The North American bobcat, famous for its reclusive nature, is front and center in a contentious hunting debate in New Hampshire that has divided animal rights activists, hunters, and state regulators alike.
Hunting and trapping of bobcats has been forbidden in New Hampshire since 1989, but in February the state’s Fish and Game Department narrowly approved a plan to allow as many as 50 bobcats, whose population has been growing, to be killed or trapped each year. On Friday, the plan, which has sparked emotional reactions on both sides, comes before a legislative committee at the State House in Concord.
Supporters say the elusive, nocturnal predator has become abundant enough to allow hunting on a limited scale. But the plan has drawn an outcry of opposition, unusual in a state with a pro-hunting reputation.
Vincent Greco, a member of the fish and game commission, said he voted against the proposal in light of the intense public opposition. Hundreds of animal rights activists and conservationists have called and written the board to voice their displeasure with the idea, he and other members said.
“It’s not that I feel that taking 50 cats would disrupt the population, it was a small amount,” Greco said. “But the public opinion, and the time people put into opposing [the measure], much outweighed those in favor.”
Some residents were so upset that they threatened to close their land to fishing, snowmobiling, and cross-country skiing, Greco said.
“This could cause irreparable damage to the Fish and Game Department and to our image,” Greco said.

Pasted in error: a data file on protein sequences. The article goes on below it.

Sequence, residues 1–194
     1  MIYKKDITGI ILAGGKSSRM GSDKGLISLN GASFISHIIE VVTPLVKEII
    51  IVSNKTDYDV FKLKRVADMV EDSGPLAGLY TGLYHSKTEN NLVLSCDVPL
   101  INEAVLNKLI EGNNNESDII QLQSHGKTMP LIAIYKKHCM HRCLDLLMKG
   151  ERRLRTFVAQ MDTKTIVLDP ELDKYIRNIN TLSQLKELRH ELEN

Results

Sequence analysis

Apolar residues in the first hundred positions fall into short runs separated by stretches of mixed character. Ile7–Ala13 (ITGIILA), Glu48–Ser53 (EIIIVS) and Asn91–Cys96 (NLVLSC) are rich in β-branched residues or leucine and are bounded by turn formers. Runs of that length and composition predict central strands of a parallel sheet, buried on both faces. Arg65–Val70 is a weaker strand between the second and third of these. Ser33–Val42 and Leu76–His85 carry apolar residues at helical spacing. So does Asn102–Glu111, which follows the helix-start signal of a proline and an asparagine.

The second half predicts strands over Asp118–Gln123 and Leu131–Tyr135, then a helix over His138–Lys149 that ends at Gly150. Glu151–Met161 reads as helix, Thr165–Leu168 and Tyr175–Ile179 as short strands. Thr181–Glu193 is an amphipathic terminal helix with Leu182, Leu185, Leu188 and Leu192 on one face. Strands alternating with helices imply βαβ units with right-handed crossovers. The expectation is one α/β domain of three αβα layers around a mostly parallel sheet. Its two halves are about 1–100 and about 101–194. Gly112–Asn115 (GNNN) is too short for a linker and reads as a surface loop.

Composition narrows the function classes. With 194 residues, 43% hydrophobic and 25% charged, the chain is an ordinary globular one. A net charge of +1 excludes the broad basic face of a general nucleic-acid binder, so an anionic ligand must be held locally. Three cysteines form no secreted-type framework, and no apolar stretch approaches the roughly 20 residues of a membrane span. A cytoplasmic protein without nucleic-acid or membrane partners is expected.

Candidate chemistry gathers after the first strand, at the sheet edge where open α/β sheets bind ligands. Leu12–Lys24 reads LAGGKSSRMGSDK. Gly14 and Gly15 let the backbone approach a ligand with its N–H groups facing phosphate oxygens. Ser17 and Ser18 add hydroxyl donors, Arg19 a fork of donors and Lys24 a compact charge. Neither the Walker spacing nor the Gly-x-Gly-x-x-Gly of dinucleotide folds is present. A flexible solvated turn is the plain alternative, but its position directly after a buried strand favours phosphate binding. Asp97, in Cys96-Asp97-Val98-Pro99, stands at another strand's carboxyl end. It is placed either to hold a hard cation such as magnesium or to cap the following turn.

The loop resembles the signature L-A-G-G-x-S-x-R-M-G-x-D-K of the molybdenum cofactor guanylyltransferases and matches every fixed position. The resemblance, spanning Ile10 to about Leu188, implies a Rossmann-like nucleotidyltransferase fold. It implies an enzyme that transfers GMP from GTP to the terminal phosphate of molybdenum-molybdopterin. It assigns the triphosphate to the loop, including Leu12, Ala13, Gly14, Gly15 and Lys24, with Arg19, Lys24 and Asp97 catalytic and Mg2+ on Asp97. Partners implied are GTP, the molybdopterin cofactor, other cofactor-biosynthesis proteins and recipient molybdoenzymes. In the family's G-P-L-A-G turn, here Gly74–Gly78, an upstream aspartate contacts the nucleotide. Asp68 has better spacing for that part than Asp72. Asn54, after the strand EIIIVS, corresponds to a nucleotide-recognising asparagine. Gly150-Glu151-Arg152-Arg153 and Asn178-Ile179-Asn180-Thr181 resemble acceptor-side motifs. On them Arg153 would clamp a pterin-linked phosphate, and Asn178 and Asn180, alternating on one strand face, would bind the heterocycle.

Commission member Todd Baldwin, who supports the hunting proposal, said the bobcat population has rebounded since the state imposed a hunting moratorium more than 25 years ago. Allowing limited bobcat hunting would also help state researchers, who have wanted more information on the felines for years.
The New England bobcat typically grows up to 20 pounds, eats mostly rabbits and hares, and sports a brown and grey speckled coat. Bobcats are the most widely distributed cat species in North America.
The New Hampshire Fish and Game Department, which first proposed the hunt, “has been charged with managing wildlife in New Hampshire, and they’ve got the expertise,” Baldwin said. “I think we need to back them.”
Glenn Normandeau, executive director of the Fish and Game Department, said he has been taken aback by the fierce opposition to the plan, which began years ago with a study that suggested that more than 75 bobcats could be safely harvested without disrupting the current population.
“The bobcat population was never endangered, and its never been a listed protected species for the federal government,” Normandeau said. “People are acting like this is cruel and unusual punishment, but the fact is that nature itself is pretty cruel to these critters at the end of the day.”
Normandeau, who said 38 states allow bobcat hunting, expects the legislative committee to raise some objections to the plan, which would force the commission to make revisions. He expects a large crowd at Friday’s hearing.
“I think we could have taken away people’s Social Security and wouldn’t have this big of a turnout,” he said.
As of Thursday, an online petition against the hunt had more than 75,000 signatures.
Gwen Donovan, who lives in Meredith, N.H., said there is no need to cull the bobcat population, and that trapping bobcats ensures that the animals “starve, thirst and die a slow death waiting for the hunter to arrive.”
“This is unnecessary and inhuman,” she said.
Next week at Concord Public Library, opponents are gathering to watch a documentary called “Protect the Bobcat: A New Hampshire Wildlife Story.” The movie, which has been posted online, begins with a montage that implores viewers to “allow the bobcat to live free and die free in New Hampshire.”
But Baldwin, the commission member, dismissed such “emotionally charged” views as irrational.
“People who talk emotionally and get all riled up . . . they really don’t know anything about life in the woods,” Baldwin said. “I have a cat here in my house that looks like a bobcat, and when it goes outside, it’s a predator by nature.”Astead W. Herndon can be reached at firstname.lastname@example.org. Follow him on Twitter @AsteadWH